I have a lot of very good friends down in New Mexico, and we try to return there every August for our annual bushel of green chile. (I don't think we'll make it this year, though.)

What were you doing one year ago?

One year ago The Counterfeit had just been released and I was hiding from the public and papparazi. Other than that, everything was about the same.

Five snacks you enjoy:

Before I make the list, I'll begin by saying that I'm not a big fan of candy. At dinner, if I have a choice between second helpings and dessert, I'll always take the seconds. On a related note, when you're on an email group with a bunch of women, and one of them has a bad day and everyone else emails and says "Go eat some chocolate, girl!", don't you just HATE THAT? Answer: YES.

Anyway, snacks I like:

1. Fancy cheese. The grocery store near my previous home had a fantastic selection of cheeses, and when my wife and I would splurge for treats, I'd often get a small block of cheese. I'd try to get a different kind every time. My favorites are: Gouda, Edam, Havarti, Jarlsberg, Comte, Double Gloucester, Tintern, Danish Bleu, Gorgonzola, Brie, Camembert, Fontina. (Yes, this is a big list of favorites, but that's because there's room enough for everyone thanks to love.)
2. Tempura. I could eat tempura all day long. I just wish I had a deep frier at home.
3. Potatoes, cooked in any one of their many fabulous varieties.
4. Coke, or, on my more whimiscal days, Cherry Coke.
5. Oreos.

Five songs you know all the lyrics to:

I know the words to lots and lots of songs, and I'd totally kick butt on that new Don't Forget the Lyrics show. So, instead of just picking five, I shuffled the music library on my computer and have listed the first five to which I know all the words:

1. I Feel Good, by James Brown
2. Busted, by Matchbox 20
3. Queen of the Hop, by Bobby Darin
4. Hello City, by Barenaked Ladies
5. Revolution, by the Beatles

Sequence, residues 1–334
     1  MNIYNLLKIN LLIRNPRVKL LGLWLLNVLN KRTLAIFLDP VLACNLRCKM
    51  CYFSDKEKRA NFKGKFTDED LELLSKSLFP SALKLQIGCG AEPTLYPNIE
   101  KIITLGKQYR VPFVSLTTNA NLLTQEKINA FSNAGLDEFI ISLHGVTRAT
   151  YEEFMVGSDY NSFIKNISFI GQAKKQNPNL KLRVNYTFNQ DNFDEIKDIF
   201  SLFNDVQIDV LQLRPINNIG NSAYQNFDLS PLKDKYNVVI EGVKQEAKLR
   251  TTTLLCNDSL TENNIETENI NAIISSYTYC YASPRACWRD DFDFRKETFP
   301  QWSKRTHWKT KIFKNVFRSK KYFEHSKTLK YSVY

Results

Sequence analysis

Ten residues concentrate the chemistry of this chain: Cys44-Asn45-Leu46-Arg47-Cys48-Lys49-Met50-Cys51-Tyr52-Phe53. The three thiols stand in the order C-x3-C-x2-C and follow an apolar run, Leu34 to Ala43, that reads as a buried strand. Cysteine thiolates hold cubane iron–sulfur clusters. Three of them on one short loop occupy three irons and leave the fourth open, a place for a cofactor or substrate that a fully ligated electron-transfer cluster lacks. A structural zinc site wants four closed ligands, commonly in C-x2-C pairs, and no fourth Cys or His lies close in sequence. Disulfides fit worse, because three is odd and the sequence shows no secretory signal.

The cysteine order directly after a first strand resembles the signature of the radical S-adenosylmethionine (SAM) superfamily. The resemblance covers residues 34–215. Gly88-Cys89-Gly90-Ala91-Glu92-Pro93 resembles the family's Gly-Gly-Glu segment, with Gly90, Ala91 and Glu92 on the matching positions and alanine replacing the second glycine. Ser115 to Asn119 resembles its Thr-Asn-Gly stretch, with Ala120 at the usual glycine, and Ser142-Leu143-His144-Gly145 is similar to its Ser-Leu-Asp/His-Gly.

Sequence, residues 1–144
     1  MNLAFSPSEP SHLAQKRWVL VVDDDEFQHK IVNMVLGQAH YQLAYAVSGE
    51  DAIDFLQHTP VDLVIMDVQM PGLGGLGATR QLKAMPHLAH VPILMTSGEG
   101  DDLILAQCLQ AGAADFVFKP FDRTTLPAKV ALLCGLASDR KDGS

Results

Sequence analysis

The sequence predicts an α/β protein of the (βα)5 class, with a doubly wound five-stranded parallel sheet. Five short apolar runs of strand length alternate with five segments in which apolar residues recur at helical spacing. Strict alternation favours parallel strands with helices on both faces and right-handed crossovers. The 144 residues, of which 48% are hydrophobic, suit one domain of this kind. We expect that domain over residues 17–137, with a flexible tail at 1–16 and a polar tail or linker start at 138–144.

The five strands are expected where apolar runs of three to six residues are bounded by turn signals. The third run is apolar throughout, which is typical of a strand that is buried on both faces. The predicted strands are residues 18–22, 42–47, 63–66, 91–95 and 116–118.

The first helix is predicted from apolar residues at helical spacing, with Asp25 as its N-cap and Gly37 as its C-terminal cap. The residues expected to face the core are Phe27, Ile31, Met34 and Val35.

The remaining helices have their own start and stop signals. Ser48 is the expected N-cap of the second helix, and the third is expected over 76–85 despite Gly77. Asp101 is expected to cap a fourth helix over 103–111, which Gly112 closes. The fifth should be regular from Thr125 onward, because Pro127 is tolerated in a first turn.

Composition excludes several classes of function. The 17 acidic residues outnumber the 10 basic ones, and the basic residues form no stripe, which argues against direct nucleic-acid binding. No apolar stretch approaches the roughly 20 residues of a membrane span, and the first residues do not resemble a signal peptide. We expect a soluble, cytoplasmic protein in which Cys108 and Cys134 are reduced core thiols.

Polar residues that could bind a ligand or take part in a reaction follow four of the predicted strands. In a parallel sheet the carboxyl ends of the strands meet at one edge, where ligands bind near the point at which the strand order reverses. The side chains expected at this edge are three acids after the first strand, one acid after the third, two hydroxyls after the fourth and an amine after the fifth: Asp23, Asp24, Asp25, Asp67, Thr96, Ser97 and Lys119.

Things you would do if you were a millionaire:

1. Live somewhere else. I'm crazy with wanderlust--I've always wanted to travel all over the world. But I've never wanted to do the tourist type thing. I'm interested more in culture than in sights, so I've always wanted to just move somewhere, live there for a year or so, and then move somewhere else. I want to see what places are like for the people who live there, rather than just see the castles and museums and scenic byways. (But I want to see that stuff, too.)
2. I'd pay off my parent's house, and buy a condo for my mother-in-law.
3. After traveling, my wife and I want to settle down in Anacortes, WA, and have a big yard with an English garden.
4. I'd eat fancy cheese all the time.
5. I'd do absolutely nothing for weeks at a time. And then make a big donation to the Whitney Awards. (And, you know, poor kids.)

Five bad habits:

1. Nose picking.
2. Chronic lying.
3. Kleptomania.
4. Pyromania.
5. Watching American Idol.

Five things you like to do:

1. Go out to nummy restaurants.
2. Relax.
3. Play games. (Dang it, FHL, we still need to get together.)
4. Receive compliments.
5. Hang out with the little woman.

Things you will never wear again:

This is a dumb category, because: who cares?

1. My blessing outfit.
2. Those rad Teenage Mutant Ninja Turtles velcro shoes I had in elementary school.